myself a challenge, instead of drawing
something easy. – I really think it’s important for everybody to feel
welcome in this space. I know a lot of people
think of art museums as a very elitist
kind of environment. I’ll tell you, when you see
the kids laying on the floor, copying an artwork you
realize how important it is to have that
community integration. – [Sandy] These students are
from Milwaukee’s ALBA school. – When you are working at your- – Alba stands for Academia
de Lenguaje y Bellas Artes which is the Academy of
Language and Fine Arts. ALBA is a bilingual school. All of our 500 students speak Spanish as
their first language so they come to ALBA
because ALBA’s a school that focuses on
developing their Spanish alongside with their English so that as they learn English, they can also keep growing
in their native language. – The students really
enjoy being part of the Junior Docent program. It’s really building their
skills and confidence to be able to go into the museum and relate to works of
art, explain works of art, really transfer the things
that they’re learning inside of the classroom, to be able to go
in and understand how other people
communicate through artwork. – Excellent. Good eye. Yes. – So fifth graders get
to do a capstone project where they get to pick
their very favorite piece that they want to,
first of all, recreate and then also that
they want to research enough to be able to be a docent explaining that
piece of artwork. – [Emeli] I like flowers and I wanted to
know why the artist chose kind of sad colors. – [Sarah] What you saw
today was some sculpture, some painting. – I’m painting this type
of painting that’s called, wet, like, you
have to do it light so that it doesn’t do it
very hard so it looks neat. – With the sky, it’s tricky. Like, making the little swirls ’cause then it
all gets together. – [Jennifer] Some things
worked out in cardboard. You saw kids choosing clay. So however they chose to
manifest those pieces. – [Yan] This is
one of the hardest things I’ve done but I’m mostly, I’m very, very confident about this. I will do good. – [Sandy] After spending
three years investigating, connecting with,
and recreating art, the final tour is the
graduation ceremony where the students earn
the title of Junior Docent. – They bring their work
of art and they present it and the real work of art to
their friends and family. – [Diego] The title
of this artwork is “Teddy Roosevelt
the Roughrider.” This sculpture was made
in Milwaukee, Wisconsin, in the year 1910. The things that I learned
during making this artwork was planning what to do and how to use clay
a little bit more. – [Ana] My painting is
called “Gossip Junction.” The painting was made
in 1968 by Antoine Obin. I think that the hardest
part of my painting was painting the people because they are so
many different shapes and they are so detailed. I learned that artwork
is not just work, it is fun because
you can be creative. – They come just really fired up to talk about what they’ve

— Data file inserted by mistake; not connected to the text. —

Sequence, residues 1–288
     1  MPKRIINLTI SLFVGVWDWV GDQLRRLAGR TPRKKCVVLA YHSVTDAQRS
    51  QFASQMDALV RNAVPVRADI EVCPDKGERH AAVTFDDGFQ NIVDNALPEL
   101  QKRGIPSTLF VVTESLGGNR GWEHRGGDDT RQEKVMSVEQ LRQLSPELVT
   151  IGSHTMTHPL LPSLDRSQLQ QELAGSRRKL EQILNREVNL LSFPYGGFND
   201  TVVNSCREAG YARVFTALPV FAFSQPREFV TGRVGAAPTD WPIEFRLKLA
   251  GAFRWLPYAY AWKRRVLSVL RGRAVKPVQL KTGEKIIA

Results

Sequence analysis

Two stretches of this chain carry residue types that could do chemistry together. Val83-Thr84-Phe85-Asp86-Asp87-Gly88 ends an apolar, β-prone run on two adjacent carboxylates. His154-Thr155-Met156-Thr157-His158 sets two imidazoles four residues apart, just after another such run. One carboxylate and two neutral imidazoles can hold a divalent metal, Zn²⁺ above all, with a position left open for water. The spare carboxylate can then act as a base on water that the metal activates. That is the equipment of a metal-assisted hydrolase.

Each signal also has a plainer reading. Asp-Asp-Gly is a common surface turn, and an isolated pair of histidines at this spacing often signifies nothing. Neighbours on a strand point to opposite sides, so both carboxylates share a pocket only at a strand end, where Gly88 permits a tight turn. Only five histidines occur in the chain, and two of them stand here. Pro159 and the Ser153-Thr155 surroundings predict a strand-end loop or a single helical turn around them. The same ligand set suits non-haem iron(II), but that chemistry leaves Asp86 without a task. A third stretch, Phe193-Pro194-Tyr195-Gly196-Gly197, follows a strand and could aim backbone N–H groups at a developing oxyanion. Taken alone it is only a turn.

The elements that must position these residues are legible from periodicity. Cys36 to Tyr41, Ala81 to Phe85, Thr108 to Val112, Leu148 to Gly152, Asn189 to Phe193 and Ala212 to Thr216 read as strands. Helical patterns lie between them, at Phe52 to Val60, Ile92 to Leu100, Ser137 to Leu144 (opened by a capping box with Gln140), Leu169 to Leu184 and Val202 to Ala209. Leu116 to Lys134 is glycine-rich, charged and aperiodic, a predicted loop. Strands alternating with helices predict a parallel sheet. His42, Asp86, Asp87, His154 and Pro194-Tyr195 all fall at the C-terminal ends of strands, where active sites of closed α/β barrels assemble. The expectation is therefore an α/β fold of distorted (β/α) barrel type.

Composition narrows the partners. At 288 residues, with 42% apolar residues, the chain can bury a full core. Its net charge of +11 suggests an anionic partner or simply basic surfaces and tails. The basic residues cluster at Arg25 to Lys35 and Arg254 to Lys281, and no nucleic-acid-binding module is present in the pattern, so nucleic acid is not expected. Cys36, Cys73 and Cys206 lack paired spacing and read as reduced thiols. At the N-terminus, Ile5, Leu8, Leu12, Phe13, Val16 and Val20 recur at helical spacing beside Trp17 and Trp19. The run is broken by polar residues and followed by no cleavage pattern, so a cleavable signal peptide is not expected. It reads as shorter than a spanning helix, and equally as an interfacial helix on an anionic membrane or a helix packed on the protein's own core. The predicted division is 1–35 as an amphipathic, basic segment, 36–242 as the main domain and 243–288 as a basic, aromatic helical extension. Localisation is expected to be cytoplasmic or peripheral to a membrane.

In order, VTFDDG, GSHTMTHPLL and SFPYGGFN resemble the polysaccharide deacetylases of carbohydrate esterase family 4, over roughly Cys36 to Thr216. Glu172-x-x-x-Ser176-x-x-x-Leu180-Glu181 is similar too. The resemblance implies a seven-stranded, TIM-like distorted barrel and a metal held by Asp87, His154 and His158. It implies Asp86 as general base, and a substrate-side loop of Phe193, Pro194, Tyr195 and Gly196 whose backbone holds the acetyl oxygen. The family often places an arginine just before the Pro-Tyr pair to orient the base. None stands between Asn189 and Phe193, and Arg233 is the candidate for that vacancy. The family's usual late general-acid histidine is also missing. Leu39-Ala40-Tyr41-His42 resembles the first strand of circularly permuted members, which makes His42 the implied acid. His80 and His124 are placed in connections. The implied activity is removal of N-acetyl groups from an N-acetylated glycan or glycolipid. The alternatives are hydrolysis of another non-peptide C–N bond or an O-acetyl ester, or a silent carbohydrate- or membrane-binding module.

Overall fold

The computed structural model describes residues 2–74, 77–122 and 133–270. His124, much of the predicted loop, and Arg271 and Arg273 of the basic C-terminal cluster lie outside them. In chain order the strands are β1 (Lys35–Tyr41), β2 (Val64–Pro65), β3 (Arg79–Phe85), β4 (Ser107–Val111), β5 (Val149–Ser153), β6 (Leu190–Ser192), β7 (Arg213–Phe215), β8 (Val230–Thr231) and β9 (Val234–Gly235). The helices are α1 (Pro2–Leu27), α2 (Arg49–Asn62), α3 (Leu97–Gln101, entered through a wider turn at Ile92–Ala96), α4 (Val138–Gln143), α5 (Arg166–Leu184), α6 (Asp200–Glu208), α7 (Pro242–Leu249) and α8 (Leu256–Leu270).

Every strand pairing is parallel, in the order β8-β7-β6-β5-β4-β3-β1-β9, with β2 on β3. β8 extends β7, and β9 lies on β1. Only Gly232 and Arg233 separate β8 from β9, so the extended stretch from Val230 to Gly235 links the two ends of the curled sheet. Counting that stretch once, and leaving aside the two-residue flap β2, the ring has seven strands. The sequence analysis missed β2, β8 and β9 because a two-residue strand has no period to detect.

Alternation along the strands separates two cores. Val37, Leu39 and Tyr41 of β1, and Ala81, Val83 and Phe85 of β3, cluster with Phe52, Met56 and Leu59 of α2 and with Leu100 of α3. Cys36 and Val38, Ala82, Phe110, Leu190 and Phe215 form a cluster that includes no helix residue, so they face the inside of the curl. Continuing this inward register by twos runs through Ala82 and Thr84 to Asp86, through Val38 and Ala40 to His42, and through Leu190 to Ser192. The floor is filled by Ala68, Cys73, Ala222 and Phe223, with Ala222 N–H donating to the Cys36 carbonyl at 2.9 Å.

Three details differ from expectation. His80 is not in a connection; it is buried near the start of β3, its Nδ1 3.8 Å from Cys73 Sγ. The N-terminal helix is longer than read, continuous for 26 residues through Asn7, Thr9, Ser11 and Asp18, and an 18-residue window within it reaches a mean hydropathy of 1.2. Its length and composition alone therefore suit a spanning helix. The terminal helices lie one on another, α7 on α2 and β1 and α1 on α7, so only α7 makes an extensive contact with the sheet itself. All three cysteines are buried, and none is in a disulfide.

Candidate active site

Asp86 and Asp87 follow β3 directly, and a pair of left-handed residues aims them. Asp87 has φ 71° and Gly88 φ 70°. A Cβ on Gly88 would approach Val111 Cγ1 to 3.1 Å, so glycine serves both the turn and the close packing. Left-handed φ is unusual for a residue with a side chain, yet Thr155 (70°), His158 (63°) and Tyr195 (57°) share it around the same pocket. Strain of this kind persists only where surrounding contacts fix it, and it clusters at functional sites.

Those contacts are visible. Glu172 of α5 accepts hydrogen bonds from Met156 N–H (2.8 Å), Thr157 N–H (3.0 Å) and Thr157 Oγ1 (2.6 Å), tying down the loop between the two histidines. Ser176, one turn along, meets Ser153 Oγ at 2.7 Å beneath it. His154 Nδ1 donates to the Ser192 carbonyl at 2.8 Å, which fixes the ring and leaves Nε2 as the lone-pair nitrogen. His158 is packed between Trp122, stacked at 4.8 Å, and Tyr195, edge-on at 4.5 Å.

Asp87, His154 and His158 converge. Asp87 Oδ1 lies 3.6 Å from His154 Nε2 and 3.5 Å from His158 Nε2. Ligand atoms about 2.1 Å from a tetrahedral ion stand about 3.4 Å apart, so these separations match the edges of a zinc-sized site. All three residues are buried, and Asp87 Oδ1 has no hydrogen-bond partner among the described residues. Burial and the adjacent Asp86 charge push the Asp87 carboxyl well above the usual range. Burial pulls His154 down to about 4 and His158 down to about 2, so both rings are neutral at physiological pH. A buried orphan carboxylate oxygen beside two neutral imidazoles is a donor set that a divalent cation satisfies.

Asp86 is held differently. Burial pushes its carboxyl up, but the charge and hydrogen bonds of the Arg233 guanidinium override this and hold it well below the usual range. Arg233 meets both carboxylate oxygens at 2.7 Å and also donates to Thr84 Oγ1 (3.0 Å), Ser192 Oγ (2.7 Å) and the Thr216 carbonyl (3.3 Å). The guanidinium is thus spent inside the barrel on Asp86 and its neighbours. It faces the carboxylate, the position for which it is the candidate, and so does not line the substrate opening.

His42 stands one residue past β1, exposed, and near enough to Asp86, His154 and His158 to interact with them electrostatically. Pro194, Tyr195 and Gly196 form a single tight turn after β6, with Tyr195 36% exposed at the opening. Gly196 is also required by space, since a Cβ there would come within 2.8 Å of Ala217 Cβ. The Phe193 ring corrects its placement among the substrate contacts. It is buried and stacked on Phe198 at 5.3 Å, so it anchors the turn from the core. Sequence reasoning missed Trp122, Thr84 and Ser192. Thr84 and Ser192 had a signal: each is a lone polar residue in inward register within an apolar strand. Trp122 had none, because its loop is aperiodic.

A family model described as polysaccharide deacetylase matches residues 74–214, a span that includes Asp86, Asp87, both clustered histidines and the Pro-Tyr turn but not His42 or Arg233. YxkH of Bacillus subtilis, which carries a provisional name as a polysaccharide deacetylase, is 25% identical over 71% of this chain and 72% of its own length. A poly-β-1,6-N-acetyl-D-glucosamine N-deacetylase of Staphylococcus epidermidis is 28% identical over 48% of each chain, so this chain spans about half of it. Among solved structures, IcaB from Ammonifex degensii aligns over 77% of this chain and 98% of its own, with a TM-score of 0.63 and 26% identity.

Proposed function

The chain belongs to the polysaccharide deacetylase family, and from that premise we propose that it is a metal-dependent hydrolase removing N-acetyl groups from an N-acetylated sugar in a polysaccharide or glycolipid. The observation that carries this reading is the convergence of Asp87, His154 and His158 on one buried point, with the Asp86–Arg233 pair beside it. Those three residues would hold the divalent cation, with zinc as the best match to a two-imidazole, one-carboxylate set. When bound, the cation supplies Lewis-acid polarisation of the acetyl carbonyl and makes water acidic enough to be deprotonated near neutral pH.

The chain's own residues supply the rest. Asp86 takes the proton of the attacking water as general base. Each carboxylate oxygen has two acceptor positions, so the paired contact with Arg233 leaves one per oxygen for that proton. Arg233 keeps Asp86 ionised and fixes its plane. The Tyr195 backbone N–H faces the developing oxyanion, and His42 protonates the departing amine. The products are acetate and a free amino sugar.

done and what they’ve learned. – [Emeli] The artwork that
I studied and recreated is called, “Still Life with
Flowers,” 1918 by Joan Miro. If this work of art could
talk, I think it would say, “I have sad colors
but bright colors. “Sad because my painter
was sad when he painted me “but bright because
he did not give up.” – [Azon] I’ll be speaking
about Wendell Castle and his beautiful sculpture
named “The Walking Cabinet.” I chose this artwork
because it is very colorful and it is a very big sculpture. When I see this artwork,
I see lots of colors, including light
ones and dark ones. If this artwork could talk,
I think that it would say that it us very
happy or excited. – [Sheilymar] My artist’s
name Kees van Dongen. One of his favorite
paintings that he made was “Woman with Cat,” which is the painting
that I copied. I like this painting
because when I look at it, I feel confident and relaxed. When I look at the colors, they tell me to be
brave and be confident. – [Judy] Their friends
and family come and we go through all the
galleries with a small group and each child then is
presenting their work of art. – [Jazmine] The
title of my artwork is “Campbell’s Soup”
by Andy Warhol. This was made in the year 1965. I chose this piece of art
because of the pop art colors. There are some primary
colors here and there but it’s usually a
mix of all the colors. – [Rafael] The artwork
makes me feel happy because it looks like a
sculpture about friendship because it has a triangle
and a square being together. I think that art is a
challenging subject for me but art can be interpreted
differently by other people. [Edwin] When I look at the
artwork it makes me feel good because people could
see it right now and could be inspired by it. – The title of my painting is
called “Sunset in Georgia.” The artist is George Inness. The first I saw this painting, I felt I was in Georgia
watching the sun go down because it was so realistic. The thing people should
think about this painting is that if we don’t
keep our earth clean, we won’t have any more
beautiful sunsets like this one and we won’t have
a beautiful world. – [Judy] They’ve learned
enough about the art and how to talk about the art and how to present art to
their friends and family, that they’re ready to be
pinned as a Junior Docent. – [Sarah] Parents get
to pin to the docent pin on their student at the
graduation ceremony. Many of the parents